Managing your employees’ social media use

February 1, 2016

Is your staff addicted to social media? Some of them are indeed social media junkies, as polls show the average American spends a quarter of his work day on sites such as Facebook.1 That means a 25 percent decrease in productivity. That means that in an average workweek, you a paying a staffer to socialize online for over a full day of work!

Is your staff addicted to social media? Some of them are indeed social media junkies, as polls show the average American spends a quarter of his work day on sites such as Facebook.1 That means a 25 percent decrease in productivity. That means that in an average workweek, you a paying a staffer to socialize online for over a full day of work!

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However, we see that the most progressive optometric practices are thriving in this social media landscape. Those practices clearly have somebody paying attention to and utilizing social media. Therein lies a dilemma: How does an office allow for proper use of social media while preventing improper use?

The Internet police

Often, an office does not have a formal Internet policy, which means that the owner or manager is the one policing for improper use. In its simplest form, policing is simply watching out for personnel using social media for personal pleasure. However, this observational method is fraught with opportunities for abuse. So, what is the next level up on the Internet police program?

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A more focused approach to controlling Internet abuse would be to control devices and Internet use from said devices. With nearly two thirds of Americans armed with smartphones, they can be often found using them to access the Internet and their social media sites.2 One solution is to simply not allow an employee to use her smartphone while on the clock, perhaps even sequestering phones upon arrival and holding them safe until a break. Although against the law in the U.S., some offices have chosen to use cell phone signal jamming to prevent calls, texts, and Internet use.

Next: Useful programs

 

Useful programs

Monitoring computer use proves to be a bit more complicated. Just checking the browser history isn’t enough. Savvy users will just clear it or fire up browsers that don’t log history. One solution is to block access to these sites. As many practices do need to allow access to social media sites on specific occasions, there is a problem here as well. Luckily there are programs that will allow user definable time schedules for each content filter category. This means you can have a specific employee get what needs to be done on social media at a certain time, and then after that time window closes the site will resume restriction. Two popular programs can be found at www.netnanny.com and www.cybersitter.com.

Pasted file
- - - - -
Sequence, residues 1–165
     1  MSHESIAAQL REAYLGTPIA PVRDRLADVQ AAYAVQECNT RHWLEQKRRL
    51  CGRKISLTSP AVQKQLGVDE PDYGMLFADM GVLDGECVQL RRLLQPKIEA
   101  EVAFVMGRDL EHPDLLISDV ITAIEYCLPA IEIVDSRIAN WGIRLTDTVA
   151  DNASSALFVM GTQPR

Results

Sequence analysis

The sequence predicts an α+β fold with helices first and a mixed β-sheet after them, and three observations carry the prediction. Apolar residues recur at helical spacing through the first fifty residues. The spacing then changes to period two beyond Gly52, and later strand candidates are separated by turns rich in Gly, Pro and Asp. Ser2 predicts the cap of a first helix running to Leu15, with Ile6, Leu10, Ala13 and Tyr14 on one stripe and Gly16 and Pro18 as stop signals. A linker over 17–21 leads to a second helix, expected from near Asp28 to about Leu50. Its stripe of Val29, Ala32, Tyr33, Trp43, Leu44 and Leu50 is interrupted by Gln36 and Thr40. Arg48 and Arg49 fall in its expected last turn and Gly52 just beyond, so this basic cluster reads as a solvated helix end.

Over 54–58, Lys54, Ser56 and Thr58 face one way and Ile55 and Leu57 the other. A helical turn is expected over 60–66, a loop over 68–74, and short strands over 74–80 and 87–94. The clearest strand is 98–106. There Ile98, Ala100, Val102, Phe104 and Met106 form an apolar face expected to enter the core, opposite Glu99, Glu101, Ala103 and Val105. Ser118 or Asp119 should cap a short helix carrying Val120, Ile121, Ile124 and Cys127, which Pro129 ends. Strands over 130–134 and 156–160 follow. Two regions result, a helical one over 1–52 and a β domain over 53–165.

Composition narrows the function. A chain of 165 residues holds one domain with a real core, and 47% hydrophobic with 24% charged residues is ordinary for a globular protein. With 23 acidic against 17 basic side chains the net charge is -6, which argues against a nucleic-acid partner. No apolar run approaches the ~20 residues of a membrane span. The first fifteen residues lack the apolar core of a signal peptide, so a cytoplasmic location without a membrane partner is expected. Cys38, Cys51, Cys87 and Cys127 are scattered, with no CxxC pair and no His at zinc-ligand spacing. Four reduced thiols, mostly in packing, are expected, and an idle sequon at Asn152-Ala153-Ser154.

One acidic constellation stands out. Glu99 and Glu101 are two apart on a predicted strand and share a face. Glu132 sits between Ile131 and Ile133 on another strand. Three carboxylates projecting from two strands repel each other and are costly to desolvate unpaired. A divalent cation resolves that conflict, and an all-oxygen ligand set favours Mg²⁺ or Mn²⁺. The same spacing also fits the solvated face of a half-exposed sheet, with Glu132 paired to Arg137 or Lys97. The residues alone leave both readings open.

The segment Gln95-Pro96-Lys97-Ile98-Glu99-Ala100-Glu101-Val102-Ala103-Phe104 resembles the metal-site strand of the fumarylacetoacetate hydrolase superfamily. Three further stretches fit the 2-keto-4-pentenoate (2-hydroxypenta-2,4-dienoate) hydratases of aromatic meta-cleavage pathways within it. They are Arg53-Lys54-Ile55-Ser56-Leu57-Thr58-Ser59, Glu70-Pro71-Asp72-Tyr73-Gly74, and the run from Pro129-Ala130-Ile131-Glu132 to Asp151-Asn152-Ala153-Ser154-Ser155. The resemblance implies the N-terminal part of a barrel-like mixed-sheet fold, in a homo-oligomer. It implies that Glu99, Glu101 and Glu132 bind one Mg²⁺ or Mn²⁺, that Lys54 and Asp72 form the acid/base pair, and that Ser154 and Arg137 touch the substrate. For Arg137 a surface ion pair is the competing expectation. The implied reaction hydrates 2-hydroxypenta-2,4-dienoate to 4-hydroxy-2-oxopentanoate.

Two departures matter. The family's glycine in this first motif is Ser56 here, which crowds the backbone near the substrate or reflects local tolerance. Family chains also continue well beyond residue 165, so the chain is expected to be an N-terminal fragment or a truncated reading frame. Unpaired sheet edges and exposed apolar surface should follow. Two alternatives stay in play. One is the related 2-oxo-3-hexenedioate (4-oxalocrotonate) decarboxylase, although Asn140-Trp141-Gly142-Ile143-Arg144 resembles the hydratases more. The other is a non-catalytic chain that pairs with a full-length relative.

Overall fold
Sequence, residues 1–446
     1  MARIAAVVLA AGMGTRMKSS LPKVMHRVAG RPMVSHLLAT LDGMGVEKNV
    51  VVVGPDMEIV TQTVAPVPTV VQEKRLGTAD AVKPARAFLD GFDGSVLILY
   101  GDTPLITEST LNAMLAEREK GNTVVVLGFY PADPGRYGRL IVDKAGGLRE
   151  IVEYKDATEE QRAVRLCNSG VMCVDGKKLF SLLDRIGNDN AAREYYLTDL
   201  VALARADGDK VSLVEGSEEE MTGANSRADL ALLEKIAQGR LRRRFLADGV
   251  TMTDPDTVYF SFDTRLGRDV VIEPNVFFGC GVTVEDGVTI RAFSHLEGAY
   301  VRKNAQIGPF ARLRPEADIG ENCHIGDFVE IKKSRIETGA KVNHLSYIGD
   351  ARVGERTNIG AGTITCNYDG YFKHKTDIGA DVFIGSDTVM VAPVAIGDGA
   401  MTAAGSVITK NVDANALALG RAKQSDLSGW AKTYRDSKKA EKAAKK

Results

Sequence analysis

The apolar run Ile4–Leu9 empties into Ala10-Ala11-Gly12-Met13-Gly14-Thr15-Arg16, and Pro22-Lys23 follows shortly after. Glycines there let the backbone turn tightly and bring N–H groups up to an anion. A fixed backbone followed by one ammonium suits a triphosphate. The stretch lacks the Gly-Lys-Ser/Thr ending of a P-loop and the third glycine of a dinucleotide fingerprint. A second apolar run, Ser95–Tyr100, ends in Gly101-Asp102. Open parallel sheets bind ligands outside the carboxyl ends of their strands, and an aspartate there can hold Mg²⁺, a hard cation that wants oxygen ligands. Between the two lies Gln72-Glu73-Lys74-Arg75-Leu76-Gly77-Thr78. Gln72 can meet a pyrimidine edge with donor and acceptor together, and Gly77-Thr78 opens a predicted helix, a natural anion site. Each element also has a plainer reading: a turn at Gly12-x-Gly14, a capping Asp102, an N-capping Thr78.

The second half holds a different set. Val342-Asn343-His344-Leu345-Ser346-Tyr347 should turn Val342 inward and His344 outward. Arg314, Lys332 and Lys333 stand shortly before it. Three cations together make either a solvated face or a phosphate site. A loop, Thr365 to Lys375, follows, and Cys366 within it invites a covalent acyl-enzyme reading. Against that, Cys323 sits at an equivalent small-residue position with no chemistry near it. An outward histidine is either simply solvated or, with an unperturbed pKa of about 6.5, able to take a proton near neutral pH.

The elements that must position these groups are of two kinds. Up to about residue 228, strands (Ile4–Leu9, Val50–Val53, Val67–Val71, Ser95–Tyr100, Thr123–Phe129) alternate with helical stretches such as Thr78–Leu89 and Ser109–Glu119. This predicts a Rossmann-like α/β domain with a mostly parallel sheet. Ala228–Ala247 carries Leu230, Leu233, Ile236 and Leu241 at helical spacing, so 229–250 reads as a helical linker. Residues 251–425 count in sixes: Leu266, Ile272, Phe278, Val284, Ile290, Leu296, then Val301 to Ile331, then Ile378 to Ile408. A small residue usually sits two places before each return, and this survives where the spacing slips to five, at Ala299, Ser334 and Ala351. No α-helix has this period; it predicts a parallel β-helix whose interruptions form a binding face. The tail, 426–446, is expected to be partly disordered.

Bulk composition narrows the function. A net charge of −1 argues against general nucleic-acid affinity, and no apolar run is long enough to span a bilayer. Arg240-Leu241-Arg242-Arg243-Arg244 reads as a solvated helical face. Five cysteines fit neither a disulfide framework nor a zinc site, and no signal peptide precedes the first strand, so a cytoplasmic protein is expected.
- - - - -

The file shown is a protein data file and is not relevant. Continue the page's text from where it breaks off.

Programs can be even more helpful in monitoring computer use. Instead of or in addition to blocking productivity-stealing sites, you can choose to know every keystroke and site visit your employees are making. This level of computer monitoring is often part of an end-point security system. The solution a lot of small business use is a web-hosted system that combines software on the PC with remote monitoring services. For a free foray into monitoring, visit http://activtrak.com/. More feature full options include Symantic Cloud and Trend Micro Worry Free.

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In my own private practice, blocking or limiting access to Facebook would not work because Facebook is an essential part of our business. In addition to posting, Facebook is becoming an increasingly popular communication platform. People are using the messaging option to contact us. This requires real-world monitoring and timely quick responses.

Is there any benefit from the occasional employee on Facebook? That is something I will leave up to you to explore and decide. For me personally, I would feel like a huge hypocrite if I were to reprimand an employee for the occasional YouTube video watch or Facebook session. From looking at the amount of you on ODs on Facebook, it appears a lot of you should feel the same!

 

 

References

1. King C. Social Media Addiction Statistics. Social Media Today. Available at: http://www.socialmediatoday.com/social-networks/carianneking/2015-06-26/social-media-addiction-statistics-infographic. Accessed 01/13/2016.

2. Smith A. U.S. Smartphone Use in 2015. Pew Research Center. Available at: http://www.pewinternet.org/2015/04/01/us-smartphone-use-in-2015/. Accessed 01/13/2016.